We saw in the last edition about the Semantic Web how ontologies were databases or knowledge bases about an area of human knowledge. In this edition, we are going to explore ontologies a bit more. An ontology itself may be divided into several components. First is the taxonomy. A taxonomy is basically just a collection of concepts or abstract ideas. For example, in the financial world, a taxonomy might consist of bonds, stocks, interest rates, and so on.

The next element of an ontology consists of relationships between the different concepts in the taxonomy. For example, in the financial example, the taxonomy might include interest rate swaps and currencies, and there might be a relationship between interest rate swaps such that a given swap pays in a given currency. Next there are facts which give us specific information about various objects in the taxonomy. Facts are quite similar to relationships although they tend to be a bit more static-a fact might be that a stock is a type of financial instrument-unlikely to change. Finally, a rule is something telling us to take some form of action based on the taxonomy, relationships, and facts.

So what does an ontology buy us? After all, it has been possible for years to build these components of an ontology using standard object oriented technology (C++, Java, etc.)? What is new in the concept of an ontology? The basic advantage is that an ontology is portable. It contains information about a particular sphere of activity that doesn't change depending upon the organization that is using it. Thus, for example, in the past when a financial services firm wanted to build any type of financial application, there would first need to be an enormous amount of effort spent between the IT staff and the finance people trying to understand the language that each community spoke. Only when an agreement had been reached on some form of mutually understood "language" for representing financial concepts in IT would it then be possible to begin the design of the system. But, unfortunately, once the system design progressed to any significant degree, the understanding that existed between the technical and business people would essentially be buried in the project specifications. If the project was successful-if enough key people on both sides stuck around until it was done-then the basic momentum established at the beginning might be enough to get a good system working. However, there would be no standard, documented language for communication between the IT people and the business people, so as soon as a new project started, all that painful effort to get the two groups talking would have to be repeated.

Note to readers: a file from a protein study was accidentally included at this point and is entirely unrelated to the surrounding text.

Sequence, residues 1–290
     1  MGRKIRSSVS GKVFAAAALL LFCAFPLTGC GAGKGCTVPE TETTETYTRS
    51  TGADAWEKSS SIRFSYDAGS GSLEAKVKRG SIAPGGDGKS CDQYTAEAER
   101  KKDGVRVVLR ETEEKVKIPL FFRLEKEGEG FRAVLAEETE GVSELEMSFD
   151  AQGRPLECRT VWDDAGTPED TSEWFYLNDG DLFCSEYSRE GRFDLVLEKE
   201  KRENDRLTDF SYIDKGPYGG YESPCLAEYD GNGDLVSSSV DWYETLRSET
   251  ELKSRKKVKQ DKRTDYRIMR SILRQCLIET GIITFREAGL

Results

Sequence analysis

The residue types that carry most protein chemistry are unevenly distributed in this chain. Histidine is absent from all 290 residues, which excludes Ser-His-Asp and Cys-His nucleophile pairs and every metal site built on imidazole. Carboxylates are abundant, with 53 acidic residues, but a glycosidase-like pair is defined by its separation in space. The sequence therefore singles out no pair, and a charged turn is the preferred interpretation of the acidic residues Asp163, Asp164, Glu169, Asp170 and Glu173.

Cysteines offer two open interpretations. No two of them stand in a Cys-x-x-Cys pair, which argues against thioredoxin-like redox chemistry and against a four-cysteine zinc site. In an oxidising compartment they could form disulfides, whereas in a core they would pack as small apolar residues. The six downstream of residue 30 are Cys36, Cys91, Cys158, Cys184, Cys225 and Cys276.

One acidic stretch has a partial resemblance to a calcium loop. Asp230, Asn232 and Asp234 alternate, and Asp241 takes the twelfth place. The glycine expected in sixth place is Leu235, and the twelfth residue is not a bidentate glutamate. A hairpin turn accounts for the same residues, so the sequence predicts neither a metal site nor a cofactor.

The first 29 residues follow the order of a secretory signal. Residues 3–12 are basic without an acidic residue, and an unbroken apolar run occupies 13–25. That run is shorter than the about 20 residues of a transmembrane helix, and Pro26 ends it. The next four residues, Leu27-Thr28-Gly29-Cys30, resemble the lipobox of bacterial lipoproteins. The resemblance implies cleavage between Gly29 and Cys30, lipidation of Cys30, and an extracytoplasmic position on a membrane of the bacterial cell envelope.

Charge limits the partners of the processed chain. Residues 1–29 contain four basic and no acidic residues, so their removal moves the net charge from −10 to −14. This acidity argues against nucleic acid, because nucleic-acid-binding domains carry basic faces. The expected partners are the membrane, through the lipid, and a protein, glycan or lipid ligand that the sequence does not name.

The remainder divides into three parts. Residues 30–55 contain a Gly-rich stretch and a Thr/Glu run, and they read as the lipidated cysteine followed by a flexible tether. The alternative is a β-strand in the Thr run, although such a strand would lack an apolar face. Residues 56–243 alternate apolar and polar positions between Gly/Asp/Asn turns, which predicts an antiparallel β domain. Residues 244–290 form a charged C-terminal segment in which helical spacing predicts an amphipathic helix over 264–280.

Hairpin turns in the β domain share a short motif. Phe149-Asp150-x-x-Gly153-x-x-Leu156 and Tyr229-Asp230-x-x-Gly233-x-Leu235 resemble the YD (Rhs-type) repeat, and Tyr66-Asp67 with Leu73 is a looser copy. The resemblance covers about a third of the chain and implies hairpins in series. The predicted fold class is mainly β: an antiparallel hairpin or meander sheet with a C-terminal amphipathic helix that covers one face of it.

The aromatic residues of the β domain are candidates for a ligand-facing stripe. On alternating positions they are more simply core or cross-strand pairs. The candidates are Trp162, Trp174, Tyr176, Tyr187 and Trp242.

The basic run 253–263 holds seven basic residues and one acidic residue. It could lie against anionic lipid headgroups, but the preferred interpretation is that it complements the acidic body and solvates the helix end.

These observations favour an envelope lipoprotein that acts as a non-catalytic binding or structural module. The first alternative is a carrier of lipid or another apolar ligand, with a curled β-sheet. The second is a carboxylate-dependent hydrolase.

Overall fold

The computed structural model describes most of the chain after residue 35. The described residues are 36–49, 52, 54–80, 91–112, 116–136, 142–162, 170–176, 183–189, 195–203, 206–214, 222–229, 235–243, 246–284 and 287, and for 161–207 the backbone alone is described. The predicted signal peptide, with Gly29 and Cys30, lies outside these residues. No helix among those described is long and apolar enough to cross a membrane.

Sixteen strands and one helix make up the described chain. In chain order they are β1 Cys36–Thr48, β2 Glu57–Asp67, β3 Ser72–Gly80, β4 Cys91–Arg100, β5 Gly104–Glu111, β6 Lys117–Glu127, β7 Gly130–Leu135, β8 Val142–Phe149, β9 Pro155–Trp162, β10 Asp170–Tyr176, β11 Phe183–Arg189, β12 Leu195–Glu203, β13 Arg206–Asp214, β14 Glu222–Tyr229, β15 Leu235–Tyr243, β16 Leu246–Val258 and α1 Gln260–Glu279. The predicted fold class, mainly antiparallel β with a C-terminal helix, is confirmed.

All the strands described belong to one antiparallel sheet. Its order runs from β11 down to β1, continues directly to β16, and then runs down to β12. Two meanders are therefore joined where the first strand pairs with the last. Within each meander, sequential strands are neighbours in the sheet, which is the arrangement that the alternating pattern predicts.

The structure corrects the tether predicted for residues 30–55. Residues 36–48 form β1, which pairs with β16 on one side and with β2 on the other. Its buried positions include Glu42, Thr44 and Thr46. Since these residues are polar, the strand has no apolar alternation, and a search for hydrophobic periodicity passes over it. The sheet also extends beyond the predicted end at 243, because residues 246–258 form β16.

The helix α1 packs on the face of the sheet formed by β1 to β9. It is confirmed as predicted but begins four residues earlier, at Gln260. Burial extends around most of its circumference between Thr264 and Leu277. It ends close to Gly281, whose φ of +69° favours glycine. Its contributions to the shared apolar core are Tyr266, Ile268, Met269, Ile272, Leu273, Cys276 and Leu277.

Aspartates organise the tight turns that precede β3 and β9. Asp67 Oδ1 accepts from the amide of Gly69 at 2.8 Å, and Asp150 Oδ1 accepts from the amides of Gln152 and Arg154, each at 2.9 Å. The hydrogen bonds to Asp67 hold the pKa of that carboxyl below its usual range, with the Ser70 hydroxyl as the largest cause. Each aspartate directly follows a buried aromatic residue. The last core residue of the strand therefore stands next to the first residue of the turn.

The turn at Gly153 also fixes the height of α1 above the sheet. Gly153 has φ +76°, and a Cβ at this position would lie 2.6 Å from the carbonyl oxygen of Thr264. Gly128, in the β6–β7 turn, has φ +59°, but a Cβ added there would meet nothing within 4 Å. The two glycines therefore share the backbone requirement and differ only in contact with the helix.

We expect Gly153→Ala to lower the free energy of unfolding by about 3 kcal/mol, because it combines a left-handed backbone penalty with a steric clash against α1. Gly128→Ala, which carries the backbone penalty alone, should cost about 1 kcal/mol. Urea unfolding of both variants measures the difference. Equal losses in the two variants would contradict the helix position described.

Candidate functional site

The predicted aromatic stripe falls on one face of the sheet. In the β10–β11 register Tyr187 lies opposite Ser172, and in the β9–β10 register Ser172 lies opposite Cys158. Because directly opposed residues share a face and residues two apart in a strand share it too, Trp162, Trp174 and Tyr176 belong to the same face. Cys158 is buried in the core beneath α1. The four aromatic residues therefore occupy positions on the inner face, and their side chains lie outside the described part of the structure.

The idea of an ontology is that there exists, from the beginning of a project, a language of communication which technical and business people agree on, and which can be used as a starting point for the project. This doesn't mean that there isn't still a lot of work involved. Goldman Sachs and Charles Schwab may start with the same ontology but they are going to want to use it differently. But the ontology provides a very good starting point for communication between the different groups. In a sense, every successful IT project involves a certain amount of AI because a computer system is built which does something intelligent-which solves a problem better than it had previously been solved. Yet up to now there has been no way for the AI aspects of projects to be modularized in such a way that they could be repeated from one project to the next. Ontologies provide a good framework for changing this.

Ontologies exist in a large variety of different human domains at the present time, including finance, taxation, e-commerce, insurance, and medicine. They are no doubt going to improve in quality and number in the months and years ahead. How do we go about developing an ontology? We'll talk about this a little more in upcoming editions, but one important tool for developing ontologies is the Resource Description Framework (RDF). RDF is an XML-based markup language for developing ontologies and metadata.

More information about ontologies may be found at Tom Gruber's What is an Ontology? page.

In the next edition, we will talk more about the Resource Description Framework (RDF).


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